Reactor 5

Historical information and statistics about Fukushima Daiichi Reactor 5.

Fukushima I – 5

Type: BWR-4Fukushima Daiichi Unit 5
Containment: Mark I
Construction: May 22, 1972
Criticality: August 26, 1977
Commercial Operation: April 18, 1978
Electric Power: 784 MW
Reactor Supplier: Toshiba
Architecture: Toshiba
Construction: Kajima
Fuel: LEU
INES Disaster Rating: 7
Electrical output (kW million)  78.4
Prime contractor     Toshiba
Heat output (kW million)   238.1
Number of fuel assemblies (body)  548
Fuel assembly length (m)   4.47
The amount of uranium loading (t)  94
Number of control rods 137
Pressure vessel
         Inner diameter (m)   5.6
         (M) Height     22
         Total weight (t)  500
          (M) Height   34
          Diameter cylindrical section (m)  11
          The sphere diameter (m)  20
Pressure suppression pool water (t)  2980

The fifth of the Fukushima Daiichi reactors to be built. Unit 5 was in cold shutdown when the earthquake hit. No known major damage occurred at unit 5 and it managed to maintain a somewhat safe status until AC power could be restored. Unit 5 has a slightly different construction than units 1-4 including outside vertical structural beams that can be seen in the image. Unit 5 had the shroud replaced in 2000.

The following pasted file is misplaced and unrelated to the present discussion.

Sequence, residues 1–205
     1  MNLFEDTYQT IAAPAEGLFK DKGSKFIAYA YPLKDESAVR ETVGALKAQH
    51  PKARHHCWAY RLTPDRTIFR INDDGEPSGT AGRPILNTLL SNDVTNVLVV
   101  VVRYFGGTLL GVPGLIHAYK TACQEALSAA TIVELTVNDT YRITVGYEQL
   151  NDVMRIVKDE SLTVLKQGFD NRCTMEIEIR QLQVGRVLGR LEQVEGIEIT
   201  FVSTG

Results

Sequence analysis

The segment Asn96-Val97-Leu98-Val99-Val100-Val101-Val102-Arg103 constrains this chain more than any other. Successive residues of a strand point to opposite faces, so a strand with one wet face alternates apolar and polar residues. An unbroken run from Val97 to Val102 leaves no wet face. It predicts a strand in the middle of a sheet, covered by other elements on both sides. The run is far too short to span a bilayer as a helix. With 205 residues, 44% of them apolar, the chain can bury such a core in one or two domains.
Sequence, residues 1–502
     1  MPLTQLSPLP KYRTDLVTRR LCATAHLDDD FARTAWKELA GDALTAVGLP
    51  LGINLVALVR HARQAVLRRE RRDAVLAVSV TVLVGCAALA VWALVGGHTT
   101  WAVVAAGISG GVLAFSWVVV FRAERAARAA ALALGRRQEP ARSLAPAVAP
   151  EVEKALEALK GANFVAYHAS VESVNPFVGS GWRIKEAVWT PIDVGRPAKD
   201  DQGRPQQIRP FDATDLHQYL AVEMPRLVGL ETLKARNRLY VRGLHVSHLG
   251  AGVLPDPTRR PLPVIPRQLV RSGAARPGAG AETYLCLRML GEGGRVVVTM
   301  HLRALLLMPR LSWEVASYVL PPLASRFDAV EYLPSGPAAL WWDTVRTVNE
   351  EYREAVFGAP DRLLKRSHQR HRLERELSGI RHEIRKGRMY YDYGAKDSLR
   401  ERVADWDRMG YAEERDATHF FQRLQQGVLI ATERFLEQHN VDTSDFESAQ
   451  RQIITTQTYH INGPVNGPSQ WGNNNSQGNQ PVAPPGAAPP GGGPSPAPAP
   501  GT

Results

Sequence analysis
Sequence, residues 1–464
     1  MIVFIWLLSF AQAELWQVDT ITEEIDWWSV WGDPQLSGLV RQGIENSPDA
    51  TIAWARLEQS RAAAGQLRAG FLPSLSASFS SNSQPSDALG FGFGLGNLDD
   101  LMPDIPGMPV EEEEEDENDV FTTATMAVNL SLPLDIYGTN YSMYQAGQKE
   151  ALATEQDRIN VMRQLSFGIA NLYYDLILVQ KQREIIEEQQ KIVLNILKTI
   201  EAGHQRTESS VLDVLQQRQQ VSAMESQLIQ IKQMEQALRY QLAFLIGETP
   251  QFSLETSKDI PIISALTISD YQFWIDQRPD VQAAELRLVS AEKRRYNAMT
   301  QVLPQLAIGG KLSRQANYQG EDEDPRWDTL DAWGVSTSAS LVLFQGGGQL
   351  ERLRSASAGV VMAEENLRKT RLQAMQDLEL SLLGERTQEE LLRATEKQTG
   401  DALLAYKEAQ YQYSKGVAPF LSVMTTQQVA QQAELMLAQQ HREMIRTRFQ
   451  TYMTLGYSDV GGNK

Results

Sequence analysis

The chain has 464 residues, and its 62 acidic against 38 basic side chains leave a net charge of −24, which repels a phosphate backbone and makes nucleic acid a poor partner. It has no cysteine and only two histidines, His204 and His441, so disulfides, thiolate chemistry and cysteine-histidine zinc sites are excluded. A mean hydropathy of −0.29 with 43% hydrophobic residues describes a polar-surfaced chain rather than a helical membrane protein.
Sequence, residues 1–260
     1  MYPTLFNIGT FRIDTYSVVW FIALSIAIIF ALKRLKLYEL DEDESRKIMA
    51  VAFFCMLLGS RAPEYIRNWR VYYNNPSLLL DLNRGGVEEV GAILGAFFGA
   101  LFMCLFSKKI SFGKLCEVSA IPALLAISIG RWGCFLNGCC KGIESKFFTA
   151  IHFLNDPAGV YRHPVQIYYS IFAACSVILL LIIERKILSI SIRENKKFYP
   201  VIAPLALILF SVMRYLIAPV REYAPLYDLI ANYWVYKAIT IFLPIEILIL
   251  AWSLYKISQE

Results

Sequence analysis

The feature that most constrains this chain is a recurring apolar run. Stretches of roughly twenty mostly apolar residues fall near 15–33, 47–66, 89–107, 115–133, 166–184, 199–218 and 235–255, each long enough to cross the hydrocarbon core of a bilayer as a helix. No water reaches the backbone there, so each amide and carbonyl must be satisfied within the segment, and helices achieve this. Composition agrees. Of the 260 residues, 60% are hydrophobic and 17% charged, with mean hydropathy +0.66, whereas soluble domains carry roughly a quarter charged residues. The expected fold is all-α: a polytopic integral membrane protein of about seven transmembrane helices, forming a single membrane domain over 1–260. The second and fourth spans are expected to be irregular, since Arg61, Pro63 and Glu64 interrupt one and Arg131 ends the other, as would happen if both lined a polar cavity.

While Unit 5 did not suffer the massive damage units 1-4 did, there was concern about hydrogen build-up. Workers cut holes in the reactor building roof to give potential hydrogen a route out of the refueling floor. After the 2007 earthquake at Kashiwazaki Kariwa TEPCO ordered workers to weld shut blowout panels on the refueling floor level walls. This may have created the need to cut holes in the roof. Unit 5 did lose water intake access. The intake pipe heads that pull water out of the sea and into the turbine building were damaged by the tsunami. TEPCO eventually installed temporary pipes and pumps to bring water into the cooling systems.

A near accident scenario did take place at unit 5 but was not disclosed until years later in an IAEA report. Portions of the containment system were removed while some of the safety systems on the reactor were locked out in preparation for running tests. When the disaster hit, this configuration posed a very real potential for unit 5 to have gone into a dangerous scenario. In 2015 all of the fuel was offloaded from unit 5’s reactor vessel to the spent fuel pool.

Unit 5 being in a relatively undamaged state has provided a test environment for workers preparing for work in the more damaged reactors. Workers have tested robot operation and use of new scopes on Unit 5 to fine-tune the work before going into the more dangerous conditions at the other units.

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